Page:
“The minute people start cheating on laws, what
do you think happens to society?”
All in all, I was a really good read and I’d highly recommend it because it’s incredibly short yet really thought provoking. 3.5 stars.
B. P. Rinehart
"Some things about living still weren't quite right, though. April for instance, still drove people crazy by not being springtime."

This is my first official Vonnegut story read for class. It is in simple terms an extremely abridged version of the type of universe that Fahrenheit 451 exists in.

But this story differs from F-451. While Bradbury's dystopia was an extreme regulation and limiting of information and ideas, Vonnegut's dystopia limited you physically as well as mentally.

What may surpr
Aug 22, 2014 rated it really liked it
Recommended to Shinjini by: Em Lost In Books
The year is 2081. Everyone is equal. Not only in God or law’s eyes. Everyone is equal in every which way. Everyone is average. And if they aren't, they are given handicaps to achieve equality. This equality was achieved by the 211st, 212nd and 213rd amendments to the Constitution.

That means no one is more beautiful than the others, no one is more intelligent than anybody else. No one is stronger or quicker than anybody else. There was to be no competition. This is the world where we meet George
Dec 12, 2016 rated it really liked it
I loved this somewhat dark and creepy short story with "equal is not always fair" and "what if everyone were the same?" ideas. This is a very quick read, clocking in at less than ~ten pages.

In this future world, anything that makes a person stand out in the way of talent is suppressed. This is in order to prevent competitiveness among the people. Smart people aren't able to think for themselves, talented dancers aren't able to dance well, beautiful people are forced to wear masks-things like th
Nov 12, 2015 rated it really liked it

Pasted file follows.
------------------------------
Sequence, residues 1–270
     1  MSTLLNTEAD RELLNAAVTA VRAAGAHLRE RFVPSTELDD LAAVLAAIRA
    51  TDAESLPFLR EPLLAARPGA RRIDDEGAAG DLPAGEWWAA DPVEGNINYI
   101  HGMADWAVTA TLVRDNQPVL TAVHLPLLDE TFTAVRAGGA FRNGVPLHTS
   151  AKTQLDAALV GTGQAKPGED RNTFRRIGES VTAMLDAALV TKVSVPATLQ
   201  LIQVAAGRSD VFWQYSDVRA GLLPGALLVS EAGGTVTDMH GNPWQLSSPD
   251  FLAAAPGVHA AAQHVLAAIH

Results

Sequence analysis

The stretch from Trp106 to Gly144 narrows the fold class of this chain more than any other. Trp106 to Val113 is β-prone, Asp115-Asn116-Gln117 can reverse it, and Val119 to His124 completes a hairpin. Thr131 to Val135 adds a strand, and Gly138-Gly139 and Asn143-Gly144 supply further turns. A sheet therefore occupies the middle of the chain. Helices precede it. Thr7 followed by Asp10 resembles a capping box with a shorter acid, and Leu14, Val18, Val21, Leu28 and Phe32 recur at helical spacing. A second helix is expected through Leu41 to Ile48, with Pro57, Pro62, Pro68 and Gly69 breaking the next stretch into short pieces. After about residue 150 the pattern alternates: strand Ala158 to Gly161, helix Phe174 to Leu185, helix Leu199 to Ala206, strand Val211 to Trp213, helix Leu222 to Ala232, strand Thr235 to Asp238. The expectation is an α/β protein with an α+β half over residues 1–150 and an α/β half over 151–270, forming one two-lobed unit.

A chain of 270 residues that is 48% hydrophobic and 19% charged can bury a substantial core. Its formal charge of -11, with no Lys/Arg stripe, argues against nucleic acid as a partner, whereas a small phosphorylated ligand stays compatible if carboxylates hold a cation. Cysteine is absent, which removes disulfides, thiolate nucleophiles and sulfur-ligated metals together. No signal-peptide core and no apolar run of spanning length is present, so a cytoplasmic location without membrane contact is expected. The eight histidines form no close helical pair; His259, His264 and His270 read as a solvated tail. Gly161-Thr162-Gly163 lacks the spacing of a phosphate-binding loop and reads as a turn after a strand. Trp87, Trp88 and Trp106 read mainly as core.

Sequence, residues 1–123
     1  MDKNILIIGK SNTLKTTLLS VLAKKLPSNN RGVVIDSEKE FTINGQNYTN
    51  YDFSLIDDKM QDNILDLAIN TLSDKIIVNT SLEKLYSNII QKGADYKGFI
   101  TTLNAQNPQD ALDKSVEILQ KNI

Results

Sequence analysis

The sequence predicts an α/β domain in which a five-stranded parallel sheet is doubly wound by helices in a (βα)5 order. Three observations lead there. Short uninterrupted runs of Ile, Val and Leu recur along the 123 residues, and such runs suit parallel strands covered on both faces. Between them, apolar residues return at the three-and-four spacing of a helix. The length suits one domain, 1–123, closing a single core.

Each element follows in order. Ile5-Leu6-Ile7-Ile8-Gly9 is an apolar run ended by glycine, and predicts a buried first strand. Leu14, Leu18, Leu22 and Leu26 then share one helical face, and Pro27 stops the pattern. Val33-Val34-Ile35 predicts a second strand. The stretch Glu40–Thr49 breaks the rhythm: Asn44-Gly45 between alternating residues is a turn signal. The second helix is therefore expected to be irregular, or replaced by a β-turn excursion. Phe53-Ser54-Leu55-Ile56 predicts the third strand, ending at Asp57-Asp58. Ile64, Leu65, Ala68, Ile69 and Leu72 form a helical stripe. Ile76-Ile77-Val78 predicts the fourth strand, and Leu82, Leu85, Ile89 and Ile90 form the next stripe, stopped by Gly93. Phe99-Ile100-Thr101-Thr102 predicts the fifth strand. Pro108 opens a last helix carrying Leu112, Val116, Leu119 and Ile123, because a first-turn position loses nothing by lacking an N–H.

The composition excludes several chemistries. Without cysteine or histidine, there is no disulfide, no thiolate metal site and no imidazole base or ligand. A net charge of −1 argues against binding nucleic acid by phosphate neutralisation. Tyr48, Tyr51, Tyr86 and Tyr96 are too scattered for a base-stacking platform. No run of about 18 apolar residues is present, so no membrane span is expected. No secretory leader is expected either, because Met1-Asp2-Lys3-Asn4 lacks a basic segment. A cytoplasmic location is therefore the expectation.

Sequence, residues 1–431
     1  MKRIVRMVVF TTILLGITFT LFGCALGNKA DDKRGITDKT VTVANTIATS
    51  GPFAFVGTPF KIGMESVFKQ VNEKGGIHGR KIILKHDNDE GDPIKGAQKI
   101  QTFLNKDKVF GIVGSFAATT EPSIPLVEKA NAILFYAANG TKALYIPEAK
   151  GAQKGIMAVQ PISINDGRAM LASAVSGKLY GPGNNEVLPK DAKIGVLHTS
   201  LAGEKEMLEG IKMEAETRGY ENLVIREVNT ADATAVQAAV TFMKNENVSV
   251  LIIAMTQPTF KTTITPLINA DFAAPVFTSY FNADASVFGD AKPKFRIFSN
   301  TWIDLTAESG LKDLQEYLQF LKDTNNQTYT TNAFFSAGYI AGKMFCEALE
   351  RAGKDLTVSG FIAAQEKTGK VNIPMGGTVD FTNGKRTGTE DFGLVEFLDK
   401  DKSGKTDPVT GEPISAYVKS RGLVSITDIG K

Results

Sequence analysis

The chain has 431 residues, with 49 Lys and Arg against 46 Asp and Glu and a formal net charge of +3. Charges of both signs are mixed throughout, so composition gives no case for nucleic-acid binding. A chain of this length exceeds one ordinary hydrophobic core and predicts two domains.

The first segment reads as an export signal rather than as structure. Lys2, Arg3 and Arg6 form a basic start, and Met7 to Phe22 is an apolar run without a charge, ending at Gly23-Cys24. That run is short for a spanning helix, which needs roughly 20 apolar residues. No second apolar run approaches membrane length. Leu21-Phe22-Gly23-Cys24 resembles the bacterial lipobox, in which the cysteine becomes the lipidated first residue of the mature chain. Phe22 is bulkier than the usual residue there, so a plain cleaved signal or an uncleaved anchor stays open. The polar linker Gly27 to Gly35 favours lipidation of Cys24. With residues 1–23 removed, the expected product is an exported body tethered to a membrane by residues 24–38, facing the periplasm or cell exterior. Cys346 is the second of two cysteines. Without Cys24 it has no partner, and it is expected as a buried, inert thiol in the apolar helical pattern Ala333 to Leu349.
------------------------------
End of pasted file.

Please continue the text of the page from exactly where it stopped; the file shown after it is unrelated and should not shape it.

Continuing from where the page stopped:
I know it's supposed to be satirical and all that but I got really depressed after reaching the ending. Would have rated it higher if only Vonnegut didn't present Hazel in such an unpleasant way. I mean, the notion of disability is something that scifi's been trying to address for the past few years. Writers are trying to break the stereotypes. And yet here he made Hazel's intellectual disability a pivotal source of the problem as though it's really all the stupid people's fault. It reinforces e ...more
Aug 28, 2011 rated it really liked it
Shelves: dystopia
Wow. I wasn't sure, at first, about how good this was going to be. For a moment there, it almost seemed to be just crazy, but then, the ending came and made everything clicked into the right place. Maybe the best spent five minutes of the day. Well, not counting when I was watching my dog chasing her tail, of course. (view spoiler)
Sep 12, 2018 rated it really liked it
I’m just confused lmao

I’ve read this again for university and i actually love it
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The Evolution of ...: HARRISON BERGERON by Kurt Vonnegut, Jr. 17 20 Feb 25, 2019 04:22PM  
Play Book Tag: Harrison Bergeron (Dystopian) 10 25 Aug 08, 2018 10:11AM  
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Harrison Bergeron 1 4 Sep 14, 2017 06:45AM  

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Kurt Vonnegut, Junior was an American novelist, satirist, and most recently, graphic artist. He was recognized as New York State Author for 2001-2003.

He was born in Indianapolis, later the setting for many of his novels. He attended Cornell University from 1941 to 1943, where he wrote a column for the student newspaper, the Cornell Daily Sun. Vonnegut trained as a chemist and worked as a journali
“He tried. That's the big thing. He tried to do the best he could with what God gave him. He should get a nice raise for trying so hard.” 7 likes
“The year was 2081, and everybody was finally equal. They weren't only equal before God and the law. They were equal every which way. Nobody was smarter than anybody else. Nobody was better looking than anybody else. Nobody was stronger or quicker than anybody else. All this equality was due to the 211th, 212th, and 213th Amendments to the Constitution, and to the unceasing vigilance of agents of the United States Handicapper General.” 3 likes